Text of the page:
(recipe, Hugh Fearnley-Whittingstall)
A roast-beef dinner with all the trimmings — Yorkshire Pudding, roast potatoes, glazed carrots, gravy, and horseradish or mustard — is about as special a meal as I can cook for close friends and family.
- 1 joint aged rib of beef (3 to 4 ribs' worth) or aged sirloin on the bone, 8 to 12 pounds
- Olive oil or soft beef drippings
- Salt and freshly ground black pepper
- Massage the whole joint with olive oil or drippings and season lightly all over with salt and pepper. Place in a roasting pan and place in a hot oven (425 to 450 degrees). Cook for about 30 minutes, until the meat is well browned and sizzling. (If you've chosen a piece of top loin with the fillet still attached, carve off the fillet at this point or it will get horribly overcooked. Heat it up in a hot pan later if you like, but it will be delicious at room temperature.)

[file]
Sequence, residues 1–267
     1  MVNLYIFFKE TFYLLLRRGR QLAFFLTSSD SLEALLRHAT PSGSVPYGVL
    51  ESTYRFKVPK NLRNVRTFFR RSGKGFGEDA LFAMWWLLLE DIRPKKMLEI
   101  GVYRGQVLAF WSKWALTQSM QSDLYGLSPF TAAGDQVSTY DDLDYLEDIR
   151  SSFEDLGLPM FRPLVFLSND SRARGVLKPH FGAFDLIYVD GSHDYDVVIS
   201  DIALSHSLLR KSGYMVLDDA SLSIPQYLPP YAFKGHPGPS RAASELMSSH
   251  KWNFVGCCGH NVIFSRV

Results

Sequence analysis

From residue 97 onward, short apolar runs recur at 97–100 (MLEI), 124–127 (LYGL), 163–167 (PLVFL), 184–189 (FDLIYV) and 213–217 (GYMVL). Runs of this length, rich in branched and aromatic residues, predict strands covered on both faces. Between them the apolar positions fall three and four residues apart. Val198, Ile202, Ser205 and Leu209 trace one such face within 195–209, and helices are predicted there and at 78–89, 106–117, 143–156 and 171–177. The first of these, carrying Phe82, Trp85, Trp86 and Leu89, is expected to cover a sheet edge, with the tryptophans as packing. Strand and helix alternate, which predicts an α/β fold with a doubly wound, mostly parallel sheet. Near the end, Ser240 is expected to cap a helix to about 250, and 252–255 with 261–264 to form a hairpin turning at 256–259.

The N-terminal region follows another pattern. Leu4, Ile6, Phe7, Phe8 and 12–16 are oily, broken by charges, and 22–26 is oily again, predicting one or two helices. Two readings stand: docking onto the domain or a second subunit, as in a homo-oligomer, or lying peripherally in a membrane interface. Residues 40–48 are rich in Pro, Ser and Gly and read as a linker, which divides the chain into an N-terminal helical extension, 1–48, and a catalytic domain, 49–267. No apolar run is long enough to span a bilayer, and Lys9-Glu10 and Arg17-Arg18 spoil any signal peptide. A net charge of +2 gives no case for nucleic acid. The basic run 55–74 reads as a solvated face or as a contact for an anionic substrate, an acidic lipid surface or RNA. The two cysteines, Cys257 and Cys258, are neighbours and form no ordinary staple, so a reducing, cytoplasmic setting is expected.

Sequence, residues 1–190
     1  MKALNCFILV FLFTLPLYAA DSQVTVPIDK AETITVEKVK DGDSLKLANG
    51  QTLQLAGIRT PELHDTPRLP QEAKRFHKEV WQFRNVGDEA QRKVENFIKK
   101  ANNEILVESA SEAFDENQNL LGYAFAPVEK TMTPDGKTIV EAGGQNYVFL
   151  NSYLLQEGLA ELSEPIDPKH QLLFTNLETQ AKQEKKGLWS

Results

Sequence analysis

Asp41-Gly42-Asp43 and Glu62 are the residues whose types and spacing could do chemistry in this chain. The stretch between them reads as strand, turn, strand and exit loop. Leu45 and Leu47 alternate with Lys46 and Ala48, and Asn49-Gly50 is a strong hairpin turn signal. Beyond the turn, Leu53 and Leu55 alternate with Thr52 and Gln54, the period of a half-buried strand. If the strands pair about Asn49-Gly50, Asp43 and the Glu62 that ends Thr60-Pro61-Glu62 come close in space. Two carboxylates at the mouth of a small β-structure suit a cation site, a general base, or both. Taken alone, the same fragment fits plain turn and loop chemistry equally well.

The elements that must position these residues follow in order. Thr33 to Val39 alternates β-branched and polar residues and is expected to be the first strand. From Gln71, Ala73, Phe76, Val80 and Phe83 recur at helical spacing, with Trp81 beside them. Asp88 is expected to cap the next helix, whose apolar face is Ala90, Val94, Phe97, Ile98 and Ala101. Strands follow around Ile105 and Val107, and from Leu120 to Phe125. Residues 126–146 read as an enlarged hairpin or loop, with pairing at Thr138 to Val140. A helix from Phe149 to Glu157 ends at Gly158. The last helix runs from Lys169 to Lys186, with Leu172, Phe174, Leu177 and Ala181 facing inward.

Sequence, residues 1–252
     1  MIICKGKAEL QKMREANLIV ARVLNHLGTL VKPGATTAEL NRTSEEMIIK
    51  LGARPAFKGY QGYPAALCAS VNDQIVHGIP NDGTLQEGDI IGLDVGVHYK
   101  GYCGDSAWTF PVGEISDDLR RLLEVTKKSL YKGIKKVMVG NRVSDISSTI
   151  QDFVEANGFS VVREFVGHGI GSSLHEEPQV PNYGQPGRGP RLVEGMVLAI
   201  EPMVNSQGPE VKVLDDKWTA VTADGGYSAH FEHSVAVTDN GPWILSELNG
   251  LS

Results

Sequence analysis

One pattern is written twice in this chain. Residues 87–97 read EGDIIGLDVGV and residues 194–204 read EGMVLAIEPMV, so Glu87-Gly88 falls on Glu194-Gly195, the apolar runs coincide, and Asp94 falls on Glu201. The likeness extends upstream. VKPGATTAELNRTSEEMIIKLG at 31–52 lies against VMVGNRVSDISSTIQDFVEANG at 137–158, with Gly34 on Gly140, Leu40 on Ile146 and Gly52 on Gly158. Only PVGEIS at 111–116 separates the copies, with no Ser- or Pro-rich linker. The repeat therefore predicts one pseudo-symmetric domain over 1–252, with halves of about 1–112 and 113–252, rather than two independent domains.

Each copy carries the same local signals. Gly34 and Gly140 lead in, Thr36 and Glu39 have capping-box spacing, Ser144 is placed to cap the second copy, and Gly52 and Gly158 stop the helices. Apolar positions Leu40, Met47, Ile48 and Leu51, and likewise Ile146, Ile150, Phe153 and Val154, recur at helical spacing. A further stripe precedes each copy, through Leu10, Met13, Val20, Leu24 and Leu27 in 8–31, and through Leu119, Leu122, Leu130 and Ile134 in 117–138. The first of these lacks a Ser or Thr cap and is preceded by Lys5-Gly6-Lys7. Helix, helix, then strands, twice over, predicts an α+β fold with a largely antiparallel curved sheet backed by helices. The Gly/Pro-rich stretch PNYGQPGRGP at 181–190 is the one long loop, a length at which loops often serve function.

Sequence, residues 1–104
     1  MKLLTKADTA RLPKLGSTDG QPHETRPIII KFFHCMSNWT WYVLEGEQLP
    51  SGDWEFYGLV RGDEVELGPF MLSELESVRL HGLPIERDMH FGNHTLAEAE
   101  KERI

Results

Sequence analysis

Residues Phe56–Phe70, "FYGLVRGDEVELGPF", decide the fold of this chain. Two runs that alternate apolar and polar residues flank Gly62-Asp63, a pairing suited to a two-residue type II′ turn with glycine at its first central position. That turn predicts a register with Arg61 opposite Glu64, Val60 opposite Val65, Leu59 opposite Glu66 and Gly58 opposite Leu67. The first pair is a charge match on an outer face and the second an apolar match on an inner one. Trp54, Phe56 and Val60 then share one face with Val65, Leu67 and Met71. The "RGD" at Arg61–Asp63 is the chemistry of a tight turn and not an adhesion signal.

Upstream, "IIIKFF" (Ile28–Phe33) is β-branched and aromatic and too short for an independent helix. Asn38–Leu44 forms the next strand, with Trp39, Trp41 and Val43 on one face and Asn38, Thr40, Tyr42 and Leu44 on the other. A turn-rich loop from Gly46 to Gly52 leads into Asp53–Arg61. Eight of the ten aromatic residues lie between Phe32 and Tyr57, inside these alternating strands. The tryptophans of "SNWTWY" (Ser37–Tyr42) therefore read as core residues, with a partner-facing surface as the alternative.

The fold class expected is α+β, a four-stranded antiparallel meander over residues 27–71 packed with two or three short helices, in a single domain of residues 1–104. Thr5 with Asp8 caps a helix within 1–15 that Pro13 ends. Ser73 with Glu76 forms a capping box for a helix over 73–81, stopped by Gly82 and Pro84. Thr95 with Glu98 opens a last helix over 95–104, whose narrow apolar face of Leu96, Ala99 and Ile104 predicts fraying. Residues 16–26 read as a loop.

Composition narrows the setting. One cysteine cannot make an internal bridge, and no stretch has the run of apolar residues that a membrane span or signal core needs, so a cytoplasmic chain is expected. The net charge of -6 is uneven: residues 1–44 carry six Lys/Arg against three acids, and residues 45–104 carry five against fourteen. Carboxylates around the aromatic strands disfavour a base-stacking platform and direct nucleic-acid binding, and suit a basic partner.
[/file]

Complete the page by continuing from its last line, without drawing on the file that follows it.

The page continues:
- Turn the oven down to 350 degrees (leave the oven door open for half a minute to help it cool quickly). Experience teaches you to know your oven and how you like your meat, but I can offer the following guidelines: After the first "half-hour sizzle," allow 9 to 10 minutes per pound for very rare meat, 12 to 15 minutes for medium, or 18 to 20 minutes if you insist on having it well done. The shorter cooking times are for joints of 10 pounds and above.
- Remove the meat from the oven. Transfer it to a warm serving platter or carving tray and cover loosely with a piece of foil. Leave to rest for no less than half an hour before carving and serving.
- While the meat is relaxing, you can deglaze the roasting pan to finish your gravy, put the Yorkshire Pudding in the oven, and finish off the roast potatoes. To serve up, I like to carve the meat on a sideboard, putting beef, Yorkshire pudding, and roast potatoes on each warmed plate, while dishes of the other vegetables and boats of gravy, horseradish, and mustard circulate around the table.